Friday, 14 February 2014 15:26

Assessing Smoke Taint Risk

Over the past week, the AWRI has responded to many enquiries about the presence of smoke across wine regions. Some producers are understandably concerned about whether the presence of smoke will lead to smoke taint in their grapes and resultant wines.

Current smoke conditions are different from those observed in regions affected by smoke taint during 2003, 2007 and 2009. However it is still critical for producers to assess their risk of smoke taint in a structured and methodical manner.

The mechanism of smoke taint evolution is complicated and measuring risk should not be based solely on analysis of marker compounds at the grape stage. Harvesting, juice extraction, processing and fermentation all have a significant influence on the evolution of smoke taint. There may be a significant pool of potential precursor smoke taint compounds which can be liberated during these processing stages that will influence the final level (or absence) of taint.

The first step in assessing smoke taint risk if the smoke event occurs earlier than 2 -3 weeks before harvest (knowing many are already closer than this) is to conduct a small lot fermentation using the AWRI's protocol: The wine resulting from this mini- ferment can be subjected to sensory assessment and chemical analysis in order to gauge the potential risk of any smoke taint that might arise from the smoke exposure.

This mini-ferment approach will provide the best possible indication as to the likely risk of smoke taint as it is based on assessment of a finished wine made from the possibly affected grapes. When conducting the sensory assessment of the wines, be sure to look for all different sensory (aroma and taste) expressions of smoke taint: ashy aftertaste, vinyl aroma, medicinal, salami, bacon, dull or metallic characters (not to be confused with acidity or tannin) on the palate. A number of laboratories, including the AWRI, are able to analyse wines for smoke taint marker compounds: 'free' volatile phenols such as guaiacol, 4-methyl guaiacol, m-cresol, o-cresol, p-cresol, syringol, methyl syringol.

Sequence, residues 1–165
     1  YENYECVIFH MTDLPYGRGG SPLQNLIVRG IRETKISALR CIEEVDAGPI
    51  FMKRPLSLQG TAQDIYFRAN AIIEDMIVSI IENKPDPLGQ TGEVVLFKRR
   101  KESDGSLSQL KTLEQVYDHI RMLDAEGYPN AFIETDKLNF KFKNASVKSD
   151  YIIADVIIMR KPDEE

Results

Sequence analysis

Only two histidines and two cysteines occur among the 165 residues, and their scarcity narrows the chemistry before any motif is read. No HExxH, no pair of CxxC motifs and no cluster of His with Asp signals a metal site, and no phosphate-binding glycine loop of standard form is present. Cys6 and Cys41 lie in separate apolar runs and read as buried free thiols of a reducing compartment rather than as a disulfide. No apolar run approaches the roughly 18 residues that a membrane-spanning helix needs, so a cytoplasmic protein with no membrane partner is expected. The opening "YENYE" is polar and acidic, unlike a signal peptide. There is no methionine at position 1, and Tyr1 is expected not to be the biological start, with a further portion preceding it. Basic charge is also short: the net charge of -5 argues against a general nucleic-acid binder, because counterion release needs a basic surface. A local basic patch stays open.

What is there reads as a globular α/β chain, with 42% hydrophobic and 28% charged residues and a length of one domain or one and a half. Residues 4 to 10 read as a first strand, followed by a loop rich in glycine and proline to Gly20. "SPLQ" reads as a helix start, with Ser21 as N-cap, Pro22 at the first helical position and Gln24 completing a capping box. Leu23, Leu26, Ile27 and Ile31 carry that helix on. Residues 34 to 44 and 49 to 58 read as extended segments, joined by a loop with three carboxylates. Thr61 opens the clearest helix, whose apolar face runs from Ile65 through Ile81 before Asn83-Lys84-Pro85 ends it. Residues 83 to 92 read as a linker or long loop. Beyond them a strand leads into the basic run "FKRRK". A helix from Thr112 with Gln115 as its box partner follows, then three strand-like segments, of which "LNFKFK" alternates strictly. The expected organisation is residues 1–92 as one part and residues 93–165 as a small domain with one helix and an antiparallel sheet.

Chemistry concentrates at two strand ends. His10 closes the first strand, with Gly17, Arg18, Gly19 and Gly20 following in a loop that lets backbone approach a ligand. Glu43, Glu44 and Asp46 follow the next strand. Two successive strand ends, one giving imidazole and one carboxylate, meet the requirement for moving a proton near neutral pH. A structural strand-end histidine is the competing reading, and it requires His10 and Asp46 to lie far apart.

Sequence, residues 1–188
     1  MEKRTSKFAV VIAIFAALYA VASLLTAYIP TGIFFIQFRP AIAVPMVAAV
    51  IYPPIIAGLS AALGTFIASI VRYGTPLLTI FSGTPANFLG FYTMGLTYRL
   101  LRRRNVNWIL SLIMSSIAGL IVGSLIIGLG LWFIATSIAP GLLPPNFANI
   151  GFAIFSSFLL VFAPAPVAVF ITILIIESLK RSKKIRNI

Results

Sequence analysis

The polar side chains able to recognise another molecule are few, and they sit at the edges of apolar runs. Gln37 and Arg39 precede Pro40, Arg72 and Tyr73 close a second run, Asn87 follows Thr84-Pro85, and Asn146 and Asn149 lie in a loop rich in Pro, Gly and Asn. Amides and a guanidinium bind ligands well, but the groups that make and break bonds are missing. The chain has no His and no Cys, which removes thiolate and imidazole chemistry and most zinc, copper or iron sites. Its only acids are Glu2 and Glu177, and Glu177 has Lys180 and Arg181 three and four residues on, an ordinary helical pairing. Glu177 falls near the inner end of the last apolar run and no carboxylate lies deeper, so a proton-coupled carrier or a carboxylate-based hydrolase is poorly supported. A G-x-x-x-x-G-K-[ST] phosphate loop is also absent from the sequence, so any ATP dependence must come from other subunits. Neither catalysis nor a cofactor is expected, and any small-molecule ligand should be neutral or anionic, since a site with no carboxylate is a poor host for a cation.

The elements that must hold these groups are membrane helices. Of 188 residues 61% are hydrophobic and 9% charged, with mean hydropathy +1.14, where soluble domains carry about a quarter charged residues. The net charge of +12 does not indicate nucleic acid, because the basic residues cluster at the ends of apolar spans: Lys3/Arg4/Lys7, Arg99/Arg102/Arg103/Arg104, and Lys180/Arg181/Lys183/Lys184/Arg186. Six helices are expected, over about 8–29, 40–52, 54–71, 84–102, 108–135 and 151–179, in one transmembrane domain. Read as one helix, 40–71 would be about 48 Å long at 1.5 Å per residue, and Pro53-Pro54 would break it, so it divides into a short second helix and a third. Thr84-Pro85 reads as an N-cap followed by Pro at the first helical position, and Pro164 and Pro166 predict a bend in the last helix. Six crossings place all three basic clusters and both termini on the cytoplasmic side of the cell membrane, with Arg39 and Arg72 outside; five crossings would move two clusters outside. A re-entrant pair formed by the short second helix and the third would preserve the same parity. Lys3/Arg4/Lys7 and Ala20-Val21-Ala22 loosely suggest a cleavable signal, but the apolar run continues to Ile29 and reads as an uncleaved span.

When a mini-ferment wine sample shows no sensory indication of smoke taint, it is still possible that while having little or no 'free' volatile phenols, it has large amounts of 'bound' forms present in the wine. Over time this 'bound' fraction will break down, via acid hydrolysis, into the 'free' volatile and aromatic forms. Therefore testing for 'bound' glycosides is a good means of assessing the overall risk of the wine to ensure it does not exhibit problems during wine maturation/ageing. A number of laboratories, including the AWRI, also offer an analysis which tests for the glycosidically 'bound' fraction.

Additional information about smoke taint and its management can be found on the AWRI websitewebsite.

For queries about assessing smoke taint risk, sampling and testing of grapes, juice or wine please contact Mark Krstic or the AWRI winemaking services team.

Mark Krstic
Australian Wine Research Institute – Victorian Node
Mobile 0437 325 438
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AWRI winemaking services team
Phone (08) 8313 6600
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